Gibbs' column: Is Intel headed for Jerry Springer?

"While I'm willing to admit that the program has a prurient appeal, the attraction wears thin quickly. The 'guests' are more like bad actors than real people, making The Jerry Springer Show seem like the WWF of talk shows."

-- James Berardinelli, film critic

Like Berardinelli, I must confess finding a certain creepy, prurient appeal in The Jerry Springer Show. After all, where else would you find a drunken monopede dwarf confessing his love for lederhosen or be able to watch a rejected striptease artiste begging her ex-boyfriend, a cross-dressing truck driver, to take her back?

Now what has this to do with networking? Well, Intel is acting so oddly that I suspect that an appearance on Springer can't be far off.

If you go to Intel's Web site you'll find (assuming the company doesn't change anything before you read this) a link to something called WebOutfitter.

WebOutfitter is described by Intel as providing "access to cutting-edge Web sites, tools and tips that enhance your Internet experience with a Pentium III processor".

Note that little qualification: "with a Pentium III processor". If you want to access WebOutfitter content you must be running a Pentium III. Why? Only the gods and people with a Pentium III know. When you click on the link, Intel requires that you download and execute a utility that tests if you have a Pentium III. If not, it dumps you on a page that pitches the benefits of Pentium III ownership.

There's also the interesting restriction that you must be running Windows 98. My guess is that Intel doesn't have software to run the test on other operating systems, so if you have a Pentium III but you're running Windows 95, NT, Macintosh or Linux, forget it.

How I loathe the term "cutting edge"! It is one of those examples of marketingspeak that screams "hype" as soon as you hear it. I'm looking for examples of hype in vendor copy, so wing 'em my way.On one of its Web pages, titled "Software and Sites for Home", Intel may be tipping its hand regarding the content of WebOutfitter, because it lists software and Web sites that "make the most of your Pentium III processor-based PC".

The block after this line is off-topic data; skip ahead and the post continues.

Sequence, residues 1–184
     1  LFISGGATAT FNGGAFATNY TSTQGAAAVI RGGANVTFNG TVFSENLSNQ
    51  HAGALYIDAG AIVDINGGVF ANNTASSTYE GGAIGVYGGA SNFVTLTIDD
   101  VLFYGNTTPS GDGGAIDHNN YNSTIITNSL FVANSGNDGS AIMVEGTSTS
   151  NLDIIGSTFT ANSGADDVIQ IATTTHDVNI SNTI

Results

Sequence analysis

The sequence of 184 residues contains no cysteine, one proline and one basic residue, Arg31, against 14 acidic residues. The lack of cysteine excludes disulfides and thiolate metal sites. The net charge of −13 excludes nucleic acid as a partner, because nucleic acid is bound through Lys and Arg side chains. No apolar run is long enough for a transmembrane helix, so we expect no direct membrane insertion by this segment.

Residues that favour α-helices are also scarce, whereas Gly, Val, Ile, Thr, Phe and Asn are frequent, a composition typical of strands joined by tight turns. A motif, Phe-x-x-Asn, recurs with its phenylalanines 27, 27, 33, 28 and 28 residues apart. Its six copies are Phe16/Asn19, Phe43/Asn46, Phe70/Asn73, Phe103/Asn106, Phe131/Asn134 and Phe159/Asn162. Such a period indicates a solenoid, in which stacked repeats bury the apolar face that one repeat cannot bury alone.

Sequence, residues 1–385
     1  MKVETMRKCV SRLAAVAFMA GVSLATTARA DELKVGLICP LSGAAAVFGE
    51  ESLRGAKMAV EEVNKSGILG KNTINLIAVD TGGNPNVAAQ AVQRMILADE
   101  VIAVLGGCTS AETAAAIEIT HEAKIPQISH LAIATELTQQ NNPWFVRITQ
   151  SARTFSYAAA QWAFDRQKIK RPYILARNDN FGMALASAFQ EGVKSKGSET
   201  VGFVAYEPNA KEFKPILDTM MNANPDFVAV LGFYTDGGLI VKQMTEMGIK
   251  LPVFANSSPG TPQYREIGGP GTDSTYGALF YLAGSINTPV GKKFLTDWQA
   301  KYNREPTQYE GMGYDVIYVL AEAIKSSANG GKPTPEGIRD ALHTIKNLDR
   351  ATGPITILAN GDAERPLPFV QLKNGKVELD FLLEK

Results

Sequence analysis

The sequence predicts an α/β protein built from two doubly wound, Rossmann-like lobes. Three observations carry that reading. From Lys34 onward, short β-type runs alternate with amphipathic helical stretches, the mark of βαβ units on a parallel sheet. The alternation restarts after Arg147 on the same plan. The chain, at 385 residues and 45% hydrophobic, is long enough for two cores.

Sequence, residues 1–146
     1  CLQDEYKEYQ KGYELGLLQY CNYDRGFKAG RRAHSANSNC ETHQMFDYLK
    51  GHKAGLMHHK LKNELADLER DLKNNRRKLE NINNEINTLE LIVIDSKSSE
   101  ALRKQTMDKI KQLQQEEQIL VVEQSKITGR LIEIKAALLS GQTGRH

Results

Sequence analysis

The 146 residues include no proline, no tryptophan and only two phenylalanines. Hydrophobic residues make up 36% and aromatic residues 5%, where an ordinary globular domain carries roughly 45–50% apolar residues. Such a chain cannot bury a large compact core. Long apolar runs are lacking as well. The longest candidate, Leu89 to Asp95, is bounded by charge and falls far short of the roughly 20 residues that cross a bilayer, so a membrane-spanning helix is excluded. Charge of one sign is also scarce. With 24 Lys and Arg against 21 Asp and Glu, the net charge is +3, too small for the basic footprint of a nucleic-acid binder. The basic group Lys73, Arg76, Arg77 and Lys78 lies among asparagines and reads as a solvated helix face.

It cites the likes of Battlezone and Photo Express and implies that the Pentium III makes these somehow better. How does the Pentium III make Battlezone better than running it on, say, a Pentium II? Or an AMD chip for that matter? I mean, in real terms.

Then there are the Web sites that are supposedly improved by the Pentium III. These sites include the likes of AutoByTel, Bloomberg, CNET, Scoreboard and eToys. According to Intel, I can "shop online in more convenient and informed ways" and "surf and explore the Web in natural, intuitive ways" through the performance and power of the Pentium III. What crap.

With the whole WebOutfitter gig, Intel appears to be attempting to Balkanise users as a marketing tactic -- a strange way of dealing with a commodity market.

As Rich Wiggins, an Internet author who also works as a technologist at Michigan State, commented in a posting to a private e-mail list recently, "It seems to me that that approach is exactly backwards. No one will be motivated to buy a Pentium III to see that content. Far better to give me the content and the tools, see how slow the tools are on my 'ancient' Pentium (or AMD) system, and decide to upgrade."

If Springer ever does a show on "marketing groups that don't get it", or "monopolists that can't restrain their power", Intel will be an ideal guest.

Bizarre guests to nwcolumn@gibbs.com

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